VP Mnangagwa said there was no such policy for Prof Moyo to divert Zimdef funds to fund political activities for any political party.

“That is not Government policy. But my problem is that I have not yet seen the said letter for me to comment competently,” said VP Mnangagwa.

He said legislators were free to push for the improvement of the laws if they were of the view that legal provisions dealing with corruption were not adequate.

“We have ZACC that we have agreed in this House to deal with issues of corruption. Outside that law, we have several other laws like fraud, murder, if MPs finds any gaps they are free to come forward,” said VP Mnangagwa.

Responding to another question, VP Mnangagwa said preparations of the 2018 harmonised elections were going on well.

“It is true that we intend to go the biometric way because that is what was agreed between political parties. That programme is well advanced in terms of its implementation and funding,” said VP Mnangagwa.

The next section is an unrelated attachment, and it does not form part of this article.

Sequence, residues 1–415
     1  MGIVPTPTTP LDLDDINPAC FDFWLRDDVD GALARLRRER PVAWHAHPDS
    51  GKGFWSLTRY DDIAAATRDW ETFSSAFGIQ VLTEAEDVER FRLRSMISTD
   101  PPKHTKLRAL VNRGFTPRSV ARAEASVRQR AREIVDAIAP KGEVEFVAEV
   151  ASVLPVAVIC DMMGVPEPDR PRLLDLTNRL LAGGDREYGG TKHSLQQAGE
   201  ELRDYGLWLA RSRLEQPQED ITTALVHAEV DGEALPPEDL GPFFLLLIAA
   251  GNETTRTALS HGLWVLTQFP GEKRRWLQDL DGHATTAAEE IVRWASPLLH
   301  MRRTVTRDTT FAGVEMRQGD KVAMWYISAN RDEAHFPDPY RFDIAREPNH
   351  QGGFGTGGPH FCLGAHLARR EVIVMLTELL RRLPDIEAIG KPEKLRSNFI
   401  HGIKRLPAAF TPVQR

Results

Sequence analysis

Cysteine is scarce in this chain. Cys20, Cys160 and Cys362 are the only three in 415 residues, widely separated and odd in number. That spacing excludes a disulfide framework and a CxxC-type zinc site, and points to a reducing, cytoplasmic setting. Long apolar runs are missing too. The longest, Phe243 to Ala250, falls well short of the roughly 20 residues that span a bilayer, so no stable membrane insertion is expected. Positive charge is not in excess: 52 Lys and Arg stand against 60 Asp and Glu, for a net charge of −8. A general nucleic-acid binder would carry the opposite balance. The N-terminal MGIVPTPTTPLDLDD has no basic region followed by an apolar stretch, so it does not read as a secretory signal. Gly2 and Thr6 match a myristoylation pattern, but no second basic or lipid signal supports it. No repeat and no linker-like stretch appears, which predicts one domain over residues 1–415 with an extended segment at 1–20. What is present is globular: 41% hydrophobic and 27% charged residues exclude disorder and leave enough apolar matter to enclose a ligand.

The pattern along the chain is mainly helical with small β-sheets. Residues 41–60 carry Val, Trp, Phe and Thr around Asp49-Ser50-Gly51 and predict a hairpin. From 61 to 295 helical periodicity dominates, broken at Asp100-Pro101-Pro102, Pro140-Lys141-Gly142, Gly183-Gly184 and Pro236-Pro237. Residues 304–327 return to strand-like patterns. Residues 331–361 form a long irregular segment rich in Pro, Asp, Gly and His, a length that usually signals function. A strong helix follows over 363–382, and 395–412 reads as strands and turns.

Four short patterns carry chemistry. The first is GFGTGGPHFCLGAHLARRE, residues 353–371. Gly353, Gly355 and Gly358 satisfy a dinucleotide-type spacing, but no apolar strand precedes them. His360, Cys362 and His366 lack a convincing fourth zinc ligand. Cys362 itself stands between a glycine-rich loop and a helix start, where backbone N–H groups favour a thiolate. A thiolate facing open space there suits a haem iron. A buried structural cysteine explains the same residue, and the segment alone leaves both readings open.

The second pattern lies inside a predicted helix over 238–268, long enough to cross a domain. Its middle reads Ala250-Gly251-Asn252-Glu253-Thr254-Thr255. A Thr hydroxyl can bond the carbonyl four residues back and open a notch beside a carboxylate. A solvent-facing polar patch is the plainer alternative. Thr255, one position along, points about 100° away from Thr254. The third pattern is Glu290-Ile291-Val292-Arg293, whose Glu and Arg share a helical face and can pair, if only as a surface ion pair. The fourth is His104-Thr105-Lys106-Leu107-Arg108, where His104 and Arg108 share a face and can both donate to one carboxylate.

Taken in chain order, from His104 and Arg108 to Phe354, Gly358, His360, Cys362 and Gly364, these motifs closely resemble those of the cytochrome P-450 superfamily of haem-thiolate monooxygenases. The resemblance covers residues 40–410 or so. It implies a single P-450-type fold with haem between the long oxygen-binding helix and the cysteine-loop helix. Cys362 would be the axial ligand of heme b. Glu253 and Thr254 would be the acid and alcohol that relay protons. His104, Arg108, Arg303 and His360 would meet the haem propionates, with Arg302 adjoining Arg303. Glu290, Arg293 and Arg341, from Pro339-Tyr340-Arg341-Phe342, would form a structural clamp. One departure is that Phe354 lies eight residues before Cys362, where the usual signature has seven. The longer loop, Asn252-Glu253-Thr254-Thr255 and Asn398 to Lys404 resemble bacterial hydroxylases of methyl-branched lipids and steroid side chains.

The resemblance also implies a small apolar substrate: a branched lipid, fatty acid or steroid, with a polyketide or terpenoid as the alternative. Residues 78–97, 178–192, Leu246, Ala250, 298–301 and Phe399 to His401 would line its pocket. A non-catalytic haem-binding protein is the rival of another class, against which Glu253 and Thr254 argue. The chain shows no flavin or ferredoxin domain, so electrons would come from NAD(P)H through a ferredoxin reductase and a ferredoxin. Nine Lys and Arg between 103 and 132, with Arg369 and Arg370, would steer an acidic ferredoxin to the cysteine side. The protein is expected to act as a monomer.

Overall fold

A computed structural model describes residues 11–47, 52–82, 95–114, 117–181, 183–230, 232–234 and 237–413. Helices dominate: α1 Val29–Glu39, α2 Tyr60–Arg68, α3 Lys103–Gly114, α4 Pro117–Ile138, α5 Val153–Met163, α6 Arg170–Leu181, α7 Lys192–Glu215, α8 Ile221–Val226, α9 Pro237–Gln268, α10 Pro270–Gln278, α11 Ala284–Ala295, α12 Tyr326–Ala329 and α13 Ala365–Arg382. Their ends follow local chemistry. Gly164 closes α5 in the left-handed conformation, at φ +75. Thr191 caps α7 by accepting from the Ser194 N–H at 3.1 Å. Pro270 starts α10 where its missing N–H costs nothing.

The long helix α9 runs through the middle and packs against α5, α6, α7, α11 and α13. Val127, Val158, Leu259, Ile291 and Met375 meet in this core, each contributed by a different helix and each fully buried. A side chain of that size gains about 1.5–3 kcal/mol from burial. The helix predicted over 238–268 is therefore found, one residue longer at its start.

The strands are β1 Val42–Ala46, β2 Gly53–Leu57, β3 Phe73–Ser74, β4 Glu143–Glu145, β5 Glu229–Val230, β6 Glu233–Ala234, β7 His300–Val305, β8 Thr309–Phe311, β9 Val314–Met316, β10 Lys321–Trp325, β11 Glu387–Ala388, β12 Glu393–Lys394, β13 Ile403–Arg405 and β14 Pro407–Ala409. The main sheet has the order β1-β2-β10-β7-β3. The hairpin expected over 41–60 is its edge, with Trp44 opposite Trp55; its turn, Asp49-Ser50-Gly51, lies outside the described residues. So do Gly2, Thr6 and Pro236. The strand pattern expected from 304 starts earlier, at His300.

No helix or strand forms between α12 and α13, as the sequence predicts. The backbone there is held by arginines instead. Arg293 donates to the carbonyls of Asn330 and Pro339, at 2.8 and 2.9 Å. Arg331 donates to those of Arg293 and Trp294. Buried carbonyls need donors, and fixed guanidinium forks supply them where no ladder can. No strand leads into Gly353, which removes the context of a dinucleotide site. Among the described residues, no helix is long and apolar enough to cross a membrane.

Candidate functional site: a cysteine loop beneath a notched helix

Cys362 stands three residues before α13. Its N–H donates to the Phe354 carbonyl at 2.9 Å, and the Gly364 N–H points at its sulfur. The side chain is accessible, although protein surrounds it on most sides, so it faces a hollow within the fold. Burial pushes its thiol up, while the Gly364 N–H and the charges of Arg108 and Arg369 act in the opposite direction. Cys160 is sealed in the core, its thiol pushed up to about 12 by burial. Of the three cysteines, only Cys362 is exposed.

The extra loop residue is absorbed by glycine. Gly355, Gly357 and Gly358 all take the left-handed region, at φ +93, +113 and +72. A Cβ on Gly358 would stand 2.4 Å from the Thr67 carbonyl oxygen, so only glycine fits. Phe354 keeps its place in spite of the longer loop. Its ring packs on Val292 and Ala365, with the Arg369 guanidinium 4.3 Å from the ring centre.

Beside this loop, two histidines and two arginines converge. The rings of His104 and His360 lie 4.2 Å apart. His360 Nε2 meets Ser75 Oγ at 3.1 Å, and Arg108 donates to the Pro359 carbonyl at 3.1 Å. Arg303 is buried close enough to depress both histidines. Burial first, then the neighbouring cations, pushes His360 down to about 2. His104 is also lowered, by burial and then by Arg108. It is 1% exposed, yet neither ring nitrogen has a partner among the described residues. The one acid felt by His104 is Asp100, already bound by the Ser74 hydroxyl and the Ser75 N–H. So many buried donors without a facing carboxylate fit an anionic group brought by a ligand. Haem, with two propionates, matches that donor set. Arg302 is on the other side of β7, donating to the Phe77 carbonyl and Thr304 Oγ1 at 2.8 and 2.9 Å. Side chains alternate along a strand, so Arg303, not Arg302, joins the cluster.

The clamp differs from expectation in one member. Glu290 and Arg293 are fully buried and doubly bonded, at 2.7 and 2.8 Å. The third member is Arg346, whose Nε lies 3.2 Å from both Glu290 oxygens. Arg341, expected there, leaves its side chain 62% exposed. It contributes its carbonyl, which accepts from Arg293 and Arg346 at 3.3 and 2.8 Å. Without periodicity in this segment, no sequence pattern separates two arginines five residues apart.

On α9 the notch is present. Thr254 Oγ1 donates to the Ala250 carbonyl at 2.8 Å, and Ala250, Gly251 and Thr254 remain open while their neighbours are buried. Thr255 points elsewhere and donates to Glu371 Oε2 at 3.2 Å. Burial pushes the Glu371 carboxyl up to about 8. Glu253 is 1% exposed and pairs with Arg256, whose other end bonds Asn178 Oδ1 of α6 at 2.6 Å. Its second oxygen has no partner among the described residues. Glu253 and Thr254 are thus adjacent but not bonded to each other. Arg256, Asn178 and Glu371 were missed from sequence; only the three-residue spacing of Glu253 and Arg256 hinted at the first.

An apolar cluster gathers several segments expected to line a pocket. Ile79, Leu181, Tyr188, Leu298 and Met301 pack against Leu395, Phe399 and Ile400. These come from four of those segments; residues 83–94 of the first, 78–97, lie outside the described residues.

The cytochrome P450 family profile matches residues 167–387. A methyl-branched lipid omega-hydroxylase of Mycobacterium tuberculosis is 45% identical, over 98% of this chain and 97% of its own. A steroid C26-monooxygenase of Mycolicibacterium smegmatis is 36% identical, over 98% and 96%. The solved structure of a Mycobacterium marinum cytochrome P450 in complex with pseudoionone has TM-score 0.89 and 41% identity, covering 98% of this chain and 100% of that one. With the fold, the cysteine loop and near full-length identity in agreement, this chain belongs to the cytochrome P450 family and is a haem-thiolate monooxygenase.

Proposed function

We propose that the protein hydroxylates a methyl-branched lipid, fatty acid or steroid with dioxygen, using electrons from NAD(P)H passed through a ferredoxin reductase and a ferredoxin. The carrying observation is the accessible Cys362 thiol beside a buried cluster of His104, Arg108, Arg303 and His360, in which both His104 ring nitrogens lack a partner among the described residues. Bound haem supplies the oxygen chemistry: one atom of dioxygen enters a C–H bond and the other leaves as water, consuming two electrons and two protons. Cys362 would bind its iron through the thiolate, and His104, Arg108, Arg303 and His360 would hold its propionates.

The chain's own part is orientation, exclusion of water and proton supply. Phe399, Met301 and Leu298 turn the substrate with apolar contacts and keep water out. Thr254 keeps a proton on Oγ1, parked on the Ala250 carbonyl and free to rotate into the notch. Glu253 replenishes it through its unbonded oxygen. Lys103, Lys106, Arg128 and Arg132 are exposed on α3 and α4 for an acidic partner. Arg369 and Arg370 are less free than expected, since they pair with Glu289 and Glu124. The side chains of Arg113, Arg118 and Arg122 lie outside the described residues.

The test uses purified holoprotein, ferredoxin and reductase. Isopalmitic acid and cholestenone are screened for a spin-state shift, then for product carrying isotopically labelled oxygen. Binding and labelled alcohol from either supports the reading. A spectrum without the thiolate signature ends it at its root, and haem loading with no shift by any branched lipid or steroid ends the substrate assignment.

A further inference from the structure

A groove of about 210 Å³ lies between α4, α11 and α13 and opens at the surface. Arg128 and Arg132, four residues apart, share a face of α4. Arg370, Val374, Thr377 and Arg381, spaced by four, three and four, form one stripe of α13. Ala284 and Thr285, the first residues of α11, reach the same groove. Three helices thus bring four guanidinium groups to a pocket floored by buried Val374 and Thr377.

VP Mnangagwa said judicial officers and litigants were free to use languages that they were comfortable with.

Buhera South MP Cde Joseph Chinotimba (Zanu-PF) had asked why Judges and magistrates did not use vernacular languages in circumstances when the accused person was using it. Cde Chinotimba gave an example of Parliament where presiding officers or Cabinet Ministers responded using the same language that a backbencher would have used in raising a question. On another matter, VP Mnangagwa said he would continue encouraging Cabinet Ministers to attend question time at Parliament.

He was responding to complaints raised by Kuwadzana East MP Mr Nelson Chamisa (MDC-T) who had moved that Ministers who were failing to attend Parliament without seeking leave should be charged with contempt.